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It’s hard to know what you don’t know.

I received a call this week from a friend of a friend.  “Marlena, I need your help,” I could hear the stress and tears in her voice.

“Of course, what can I do?”

“It’s my dad, he has been in the hospital, and they just told me he has to leave.  They said he needs 24-hour care, and I need to find it in 48 hours.  I don’t know what to do.”

It was difficult to hear the distress in her voice, and at the same time, I was glad that she called and that I had resources to help.

So many people don’t understand the world of senior care, especially when their loved one’s health begins to fail.  It is hard to know what you don’t know.  Making decisions for your parent is difficult; it becomes more challenging when there is a time crunch coupled with not knowing all the options that are available.

Deciphering the complexity of senior care can be overwhelming due to its presentation in a code that doesn’t come with an answer key.  For example, IL, AL, home care, SNF, care suites, and residential homes are all part of the jargon describing senior care.

I offered to sit down with my friend and her family and explained what the abbreviations mean.  I stressed that the most significant factor should be what the care needs are for their father and how to pick the best care him. While we sat, I learned all about their father.  He loves to do little tricks and make people laugh. He can be a little ornery, especially if people are bossy.  He likes choices and didn’t choose to get sick.  The care needs had become significant, and his needs were around the clock.   After the discussion, my takeaways were that they wanted their dad to get the best care and that he was very loved.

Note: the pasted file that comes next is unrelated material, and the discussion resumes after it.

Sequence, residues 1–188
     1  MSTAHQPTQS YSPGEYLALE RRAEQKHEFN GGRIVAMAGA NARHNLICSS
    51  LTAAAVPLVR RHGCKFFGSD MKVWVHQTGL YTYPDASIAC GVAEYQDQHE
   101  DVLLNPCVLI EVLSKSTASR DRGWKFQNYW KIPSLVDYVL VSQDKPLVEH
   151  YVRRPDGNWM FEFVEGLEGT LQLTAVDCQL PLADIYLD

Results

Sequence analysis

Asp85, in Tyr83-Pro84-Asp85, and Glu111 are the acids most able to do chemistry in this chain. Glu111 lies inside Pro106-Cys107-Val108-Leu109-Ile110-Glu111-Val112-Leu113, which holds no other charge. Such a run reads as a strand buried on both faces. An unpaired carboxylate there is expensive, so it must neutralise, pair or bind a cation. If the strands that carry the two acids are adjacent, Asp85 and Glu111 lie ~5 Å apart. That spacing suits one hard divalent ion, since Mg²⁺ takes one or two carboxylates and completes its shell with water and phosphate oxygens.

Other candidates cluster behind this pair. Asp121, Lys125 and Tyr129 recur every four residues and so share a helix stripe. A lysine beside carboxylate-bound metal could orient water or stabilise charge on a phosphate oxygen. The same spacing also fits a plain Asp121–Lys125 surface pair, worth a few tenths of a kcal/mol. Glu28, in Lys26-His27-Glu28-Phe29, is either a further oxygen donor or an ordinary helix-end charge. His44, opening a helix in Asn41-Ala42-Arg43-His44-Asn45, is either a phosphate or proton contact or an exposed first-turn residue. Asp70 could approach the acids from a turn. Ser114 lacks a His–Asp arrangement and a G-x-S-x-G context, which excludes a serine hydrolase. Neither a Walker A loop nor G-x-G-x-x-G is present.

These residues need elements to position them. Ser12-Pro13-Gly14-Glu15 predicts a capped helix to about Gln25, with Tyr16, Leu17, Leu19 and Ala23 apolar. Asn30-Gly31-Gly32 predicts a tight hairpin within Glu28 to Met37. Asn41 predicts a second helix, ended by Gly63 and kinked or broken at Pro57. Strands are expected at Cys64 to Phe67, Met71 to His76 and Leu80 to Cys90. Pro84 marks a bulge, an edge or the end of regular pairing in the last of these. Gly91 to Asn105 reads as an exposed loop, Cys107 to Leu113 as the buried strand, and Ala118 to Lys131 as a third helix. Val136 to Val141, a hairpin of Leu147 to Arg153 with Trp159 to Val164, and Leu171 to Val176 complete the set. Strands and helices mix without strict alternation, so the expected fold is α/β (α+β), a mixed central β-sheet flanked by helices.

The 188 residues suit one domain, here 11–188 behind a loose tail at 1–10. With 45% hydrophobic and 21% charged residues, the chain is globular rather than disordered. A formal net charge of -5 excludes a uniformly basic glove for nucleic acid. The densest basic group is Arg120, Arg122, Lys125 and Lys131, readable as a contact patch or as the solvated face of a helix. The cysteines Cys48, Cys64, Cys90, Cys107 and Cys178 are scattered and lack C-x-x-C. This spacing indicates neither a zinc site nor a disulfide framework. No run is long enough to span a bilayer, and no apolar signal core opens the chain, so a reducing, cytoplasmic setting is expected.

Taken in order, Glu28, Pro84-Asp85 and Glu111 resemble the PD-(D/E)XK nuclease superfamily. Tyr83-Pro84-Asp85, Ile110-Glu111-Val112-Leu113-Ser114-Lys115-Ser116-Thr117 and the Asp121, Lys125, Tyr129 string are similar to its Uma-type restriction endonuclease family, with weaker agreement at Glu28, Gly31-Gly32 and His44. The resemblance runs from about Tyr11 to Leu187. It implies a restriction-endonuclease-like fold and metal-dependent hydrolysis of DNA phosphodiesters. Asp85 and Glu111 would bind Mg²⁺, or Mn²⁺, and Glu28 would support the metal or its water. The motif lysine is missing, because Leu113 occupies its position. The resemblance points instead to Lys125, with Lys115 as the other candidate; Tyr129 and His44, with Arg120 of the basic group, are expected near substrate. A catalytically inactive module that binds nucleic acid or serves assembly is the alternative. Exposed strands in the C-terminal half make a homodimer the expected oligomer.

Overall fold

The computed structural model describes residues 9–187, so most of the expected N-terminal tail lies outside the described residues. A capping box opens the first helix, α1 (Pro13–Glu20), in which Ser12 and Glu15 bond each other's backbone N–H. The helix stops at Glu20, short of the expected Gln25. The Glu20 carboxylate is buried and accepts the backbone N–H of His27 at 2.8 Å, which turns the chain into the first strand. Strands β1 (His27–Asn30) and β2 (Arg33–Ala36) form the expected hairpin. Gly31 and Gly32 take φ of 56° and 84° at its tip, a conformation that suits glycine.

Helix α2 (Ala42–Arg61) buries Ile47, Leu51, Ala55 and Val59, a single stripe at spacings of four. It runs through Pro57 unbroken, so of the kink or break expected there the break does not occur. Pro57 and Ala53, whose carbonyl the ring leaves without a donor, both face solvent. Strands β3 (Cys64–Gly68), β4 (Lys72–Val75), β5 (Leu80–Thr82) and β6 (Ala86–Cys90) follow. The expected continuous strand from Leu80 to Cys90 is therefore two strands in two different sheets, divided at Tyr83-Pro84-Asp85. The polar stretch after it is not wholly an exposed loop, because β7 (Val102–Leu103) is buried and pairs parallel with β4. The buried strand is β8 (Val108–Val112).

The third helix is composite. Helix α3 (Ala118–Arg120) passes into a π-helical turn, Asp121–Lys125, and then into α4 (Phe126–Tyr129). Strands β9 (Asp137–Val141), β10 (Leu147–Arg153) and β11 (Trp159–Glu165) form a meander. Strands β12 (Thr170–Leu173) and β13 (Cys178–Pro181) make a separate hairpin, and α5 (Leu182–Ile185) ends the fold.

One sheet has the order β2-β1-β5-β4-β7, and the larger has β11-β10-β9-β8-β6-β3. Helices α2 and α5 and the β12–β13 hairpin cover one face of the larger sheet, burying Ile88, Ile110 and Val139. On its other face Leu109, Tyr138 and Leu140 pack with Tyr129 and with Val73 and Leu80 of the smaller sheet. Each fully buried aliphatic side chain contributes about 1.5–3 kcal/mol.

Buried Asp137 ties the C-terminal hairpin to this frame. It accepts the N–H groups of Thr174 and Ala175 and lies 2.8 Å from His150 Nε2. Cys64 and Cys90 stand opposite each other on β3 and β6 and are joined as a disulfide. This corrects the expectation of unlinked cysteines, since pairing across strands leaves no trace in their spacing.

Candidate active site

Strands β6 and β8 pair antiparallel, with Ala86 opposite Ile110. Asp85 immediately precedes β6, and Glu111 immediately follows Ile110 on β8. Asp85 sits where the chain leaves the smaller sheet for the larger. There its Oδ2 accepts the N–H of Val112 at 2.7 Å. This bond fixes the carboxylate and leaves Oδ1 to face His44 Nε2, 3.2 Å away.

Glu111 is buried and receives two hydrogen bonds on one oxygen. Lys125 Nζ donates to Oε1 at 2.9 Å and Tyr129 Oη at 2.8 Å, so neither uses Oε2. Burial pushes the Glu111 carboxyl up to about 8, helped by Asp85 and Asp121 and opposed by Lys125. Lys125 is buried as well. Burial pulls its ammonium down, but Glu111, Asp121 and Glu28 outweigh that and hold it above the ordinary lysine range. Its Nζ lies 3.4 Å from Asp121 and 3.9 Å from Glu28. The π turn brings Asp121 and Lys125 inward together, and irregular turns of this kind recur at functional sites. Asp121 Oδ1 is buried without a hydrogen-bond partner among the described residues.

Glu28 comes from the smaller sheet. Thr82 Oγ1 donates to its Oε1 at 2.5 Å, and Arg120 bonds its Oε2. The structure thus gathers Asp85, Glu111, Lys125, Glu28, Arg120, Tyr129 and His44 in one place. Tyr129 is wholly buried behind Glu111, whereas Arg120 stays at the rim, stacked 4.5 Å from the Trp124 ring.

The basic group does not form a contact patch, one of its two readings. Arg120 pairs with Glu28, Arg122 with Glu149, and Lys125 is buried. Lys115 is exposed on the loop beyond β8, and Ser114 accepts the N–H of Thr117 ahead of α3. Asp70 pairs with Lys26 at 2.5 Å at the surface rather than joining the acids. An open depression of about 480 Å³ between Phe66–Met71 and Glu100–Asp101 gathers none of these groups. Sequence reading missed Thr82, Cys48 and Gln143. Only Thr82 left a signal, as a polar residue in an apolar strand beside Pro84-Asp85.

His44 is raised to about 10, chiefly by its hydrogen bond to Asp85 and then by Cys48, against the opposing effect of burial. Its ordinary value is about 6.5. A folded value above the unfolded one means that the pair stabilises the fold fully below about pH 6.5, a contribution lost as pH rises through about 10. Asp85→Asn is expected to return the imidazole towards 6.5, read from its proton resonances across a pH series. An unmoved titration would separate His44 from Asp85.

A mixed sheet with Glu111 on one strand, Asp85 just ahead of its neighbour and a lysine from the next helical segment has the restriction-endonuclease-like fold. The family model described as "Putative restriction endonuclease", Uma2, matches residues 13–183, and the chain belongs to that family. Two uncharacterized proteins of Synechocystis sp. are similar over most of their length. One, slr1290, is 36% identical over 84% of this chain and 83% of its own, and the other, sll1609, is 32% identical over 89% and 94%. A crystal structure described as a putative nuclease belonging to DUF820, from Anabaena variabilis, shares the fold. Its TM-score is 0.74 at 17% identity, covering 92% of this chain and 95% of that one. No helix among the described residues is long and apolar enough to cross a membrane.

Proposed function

The family took the night to think things through, and I felt honored that they chose to move him into one of our homes.  It is a huge responsibility to take care of a family’s precious member.  As we were finishing the details of the move, I said to my friend, “Thank you for trusting us to care for your dad.”

With big tears in her eyes, she said, “No, thank you.  You have made this so much easier for all of us, and we feel at peace with our decision.  I slept the best I have in months knowing that dad is going to be here.  You are a lifesaver.”

After a big hug, I finished up the paperwork.  I couldn’t stop smiling,  I love that I get to do what I love to do every day!  Please let me know what you think, feel free to comment, ask questions, and let me know how I’m doing.  Warmly yours ~ Marlena

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